Arterial structure and function and environmental exposure to cadmium

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Few studies have addressed the effect of cadmium toxicity on arterial properties.


We investigated the possible association of 24 h urinary cadmium excretion (an index of lifetime exposure) with measures of arterial function in a randomly selected population sample (n = 557) from two rural areas with low and high environmental exposure to cadmium.


24 h urinary cadmium excretion was significantly higher in the high compared with the low exposure group (p<0.001). Even though systolic (p = 0.42), diastolic (p = 0.14) and mean arterial pressure (p = 0.68) did not differ between the high and low exposure groups, aortic pulse wave velocity (p = 0.008), brachial pulse pressure (p = 0.026) and femoral pulse pressure (p = 0.008) were significantly lower in the high exposure group. Additionally, femoral distensibility (p<0.001) and compliance (p = 0.001) were significantly higher with high exposure. Across quartiles of 24 h urinary cadmium excretion (adjusted for sex and age), brachial (p for trend = 0.015) and femoral (p for trend = 0.018) pulse pressure significantly decreased and femoral distensibility (p for trend = 0.008) and compliance (p for trend = 0.007) significantly increased with higher cadmium excretion. After full adjustment, the partial regression coefficients confirmed these associations. Pulse wave velocity (β = −0.79±0.27; p = 0.004) and carotid (β = −4.20±1.51; p = 0.006), brachial (β = −5.43±1.41; p = 0.001) and femoral (β = −4.72±1.74; p = 0.007) pulse pressures correlated negatively, whereas femoral compliance (β = 0.11±0.05; p = 0.016) and distensibility (β = 1.70±0.70; p = 0.014) correlated positively with cadmium excretion.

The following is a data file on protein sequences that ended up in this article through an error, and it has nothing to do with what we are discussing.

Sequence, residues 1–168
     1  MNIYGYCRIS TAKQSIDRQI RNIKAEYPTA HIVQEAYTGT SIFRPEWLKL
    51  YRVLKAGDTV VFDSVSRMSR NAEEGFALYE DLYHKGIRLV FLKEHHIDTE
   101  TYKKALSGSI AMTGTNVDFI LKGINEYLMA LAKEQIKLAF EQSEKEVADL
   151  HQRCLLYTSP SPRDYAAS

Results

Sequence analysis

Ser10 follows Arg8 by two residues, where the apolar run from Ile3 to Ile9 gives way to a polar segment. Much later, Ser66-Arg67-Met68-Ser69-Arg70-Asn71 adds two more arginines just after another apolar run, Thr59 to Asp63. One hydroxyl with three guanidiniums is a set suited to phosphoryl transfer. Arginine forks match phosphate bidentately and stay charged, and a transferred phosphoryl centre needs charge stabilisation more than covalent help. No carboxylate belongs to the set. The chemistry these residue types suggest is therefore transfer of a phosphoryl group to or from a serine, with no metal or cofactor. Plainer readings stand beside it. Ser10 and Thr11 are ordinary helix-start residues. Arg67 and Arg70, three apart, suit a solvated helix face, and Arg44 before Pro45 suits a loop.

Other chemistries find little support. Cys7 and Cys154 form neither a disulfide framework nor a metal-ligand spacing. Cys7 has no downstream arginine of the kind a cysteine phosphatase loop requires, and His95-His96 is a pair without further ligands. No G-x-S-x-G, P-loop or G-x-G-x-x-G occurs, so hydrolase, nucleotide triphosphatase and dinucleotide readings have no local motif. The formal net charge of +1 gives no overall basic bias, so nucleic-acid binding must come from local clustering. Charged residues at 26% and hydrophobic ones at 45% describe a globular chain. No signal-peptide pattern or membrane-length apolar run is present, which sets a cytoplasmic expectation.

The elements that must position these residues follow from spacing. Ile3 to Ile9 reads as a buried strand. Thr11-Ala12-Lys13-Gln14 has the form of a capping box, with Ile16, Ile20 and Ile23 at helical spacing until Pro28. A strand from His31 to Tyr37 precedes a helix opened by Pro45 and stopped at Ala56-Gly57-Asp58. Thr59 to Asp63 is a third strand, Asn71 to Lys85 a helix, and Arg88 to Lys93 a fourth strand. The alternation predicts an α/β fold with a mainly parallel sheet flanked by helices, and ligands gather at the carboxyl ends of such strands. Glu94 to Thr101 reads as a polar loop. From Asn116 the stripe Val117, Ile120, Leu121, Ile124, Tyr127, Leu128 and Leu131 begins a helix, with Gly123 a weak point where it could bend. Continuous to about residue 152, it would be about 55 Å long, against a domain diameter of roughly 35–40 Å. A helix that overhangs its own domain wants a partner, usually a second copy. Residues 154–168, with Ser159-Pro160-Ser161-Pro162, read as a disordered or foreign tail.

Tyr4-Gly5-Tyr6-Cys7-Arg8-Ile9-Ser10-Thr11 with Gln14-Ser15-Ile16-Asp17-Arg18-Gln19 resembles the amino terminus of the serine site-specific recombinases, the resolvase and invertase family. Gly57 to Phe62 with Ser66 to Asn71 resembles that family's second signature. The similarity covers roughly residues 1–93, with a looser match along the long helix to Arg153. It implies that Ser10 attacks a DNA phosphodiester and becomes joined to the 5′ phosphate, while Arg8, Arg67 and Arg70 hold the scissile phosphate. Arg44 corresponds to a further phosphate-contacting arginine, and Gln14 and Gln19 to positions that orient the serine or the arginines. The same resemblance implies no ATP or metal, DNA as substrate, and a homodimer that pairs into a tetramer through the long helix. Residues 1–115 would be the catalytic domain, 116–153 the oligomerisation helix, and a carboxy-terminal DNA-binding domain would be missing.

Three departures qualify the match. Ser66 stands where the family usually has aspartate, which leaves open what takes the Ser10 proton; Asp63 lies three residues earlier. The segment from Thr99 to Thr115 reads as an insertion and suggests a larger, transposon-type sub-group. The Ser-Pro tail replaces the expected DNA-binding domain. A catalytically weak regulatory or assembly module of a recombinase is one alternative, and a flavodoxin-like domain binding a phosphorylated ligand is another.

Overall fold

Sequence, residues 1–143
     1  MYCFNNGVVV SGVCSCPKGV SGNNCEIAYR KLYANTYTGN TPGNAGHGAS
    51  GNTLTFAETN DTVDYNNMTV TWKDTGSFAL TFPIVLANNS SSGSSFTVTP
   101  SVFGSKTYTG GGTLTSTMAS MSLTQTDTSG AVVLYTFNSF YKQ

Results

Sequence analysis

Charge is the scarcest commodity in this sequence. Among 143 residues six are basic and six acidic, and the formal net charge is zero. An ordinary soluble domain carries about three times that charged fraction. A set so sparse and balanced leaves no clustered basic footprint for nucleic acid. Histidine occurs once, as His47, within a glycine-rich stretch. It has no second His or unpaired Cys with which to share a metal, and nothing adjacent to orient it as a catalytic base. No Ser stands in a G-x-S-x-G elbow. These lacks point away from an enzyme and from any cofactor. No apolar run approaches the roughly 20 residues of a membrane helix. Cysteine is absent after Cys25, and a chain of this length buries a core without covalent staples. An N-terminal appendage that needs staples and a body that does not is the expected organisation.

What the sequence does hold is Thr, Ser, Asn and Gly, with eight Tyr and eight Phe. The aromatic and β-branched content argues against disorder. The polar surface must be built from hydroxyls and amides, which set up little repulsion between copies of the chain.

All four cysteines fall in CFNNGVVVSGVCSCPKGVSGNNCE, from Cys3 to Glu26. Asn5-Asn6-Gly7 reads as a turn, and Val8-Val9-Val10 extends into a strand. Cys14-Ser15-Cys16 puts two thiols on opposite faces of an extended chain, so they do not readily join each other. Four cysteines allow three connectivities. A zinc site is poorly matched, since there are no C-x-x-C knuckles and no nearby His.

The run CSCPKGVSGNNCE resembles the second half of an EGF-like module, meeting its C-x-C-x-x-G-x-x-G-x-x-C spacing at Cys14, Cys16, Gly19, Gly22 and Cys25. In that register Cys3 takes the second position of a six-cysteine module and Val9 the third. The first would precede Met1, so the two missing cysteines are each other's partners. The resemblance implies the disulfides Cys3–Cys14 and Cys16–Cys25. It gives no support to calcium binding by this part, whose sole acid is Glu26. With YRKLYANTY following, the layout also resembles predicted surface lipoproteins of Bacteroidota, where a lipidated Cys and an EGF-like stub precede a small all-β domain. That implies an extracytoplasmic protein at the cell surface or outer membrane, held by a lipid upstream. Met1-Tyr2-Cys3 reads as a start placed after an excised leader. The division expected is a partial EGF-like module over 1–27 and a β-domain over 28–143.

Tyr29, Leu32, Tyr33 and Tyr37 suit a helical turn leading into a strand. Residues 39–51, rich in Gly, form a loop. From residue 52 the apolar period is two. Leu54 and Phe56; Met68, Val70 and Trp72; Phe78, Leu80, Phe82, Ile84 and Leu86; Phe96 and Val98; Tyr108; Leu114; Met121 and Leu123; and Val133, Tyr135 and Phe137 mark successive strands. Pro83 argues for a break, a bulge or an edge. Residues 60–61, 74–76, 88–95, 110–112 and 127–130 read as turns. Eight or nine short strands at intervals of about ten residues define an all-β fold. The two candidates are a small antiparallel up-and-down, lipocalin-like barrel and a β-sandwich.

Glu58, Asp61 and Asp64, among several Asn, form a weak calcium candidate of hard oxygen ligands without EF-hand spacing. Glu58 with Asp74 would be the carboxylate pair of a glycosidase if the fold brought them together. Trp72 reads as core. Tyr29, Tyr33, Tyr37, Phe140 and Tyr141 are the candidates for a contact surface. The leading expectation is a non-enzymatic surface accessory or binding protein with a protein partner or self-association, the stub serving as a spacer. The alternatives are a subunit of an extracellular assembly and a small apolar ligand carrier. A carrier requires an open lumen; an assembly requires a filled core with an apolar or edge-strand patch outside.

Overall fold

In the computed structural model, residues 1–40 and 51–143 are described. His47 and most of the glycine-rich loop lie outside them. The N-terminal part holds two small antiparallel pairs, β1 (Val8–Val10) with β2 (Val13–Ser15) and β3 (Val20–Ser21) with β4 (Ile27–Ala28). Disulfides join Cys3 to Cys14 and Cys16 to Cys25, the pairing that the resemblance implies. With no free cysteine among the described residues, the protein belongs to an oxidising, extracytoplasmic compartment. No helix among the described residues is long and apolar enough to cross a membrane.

Increased cadmium body burden is associated with lower aortic pulse wave velocity, lower pulse pressure throughout the arterial system, and higher femoral distensibility.

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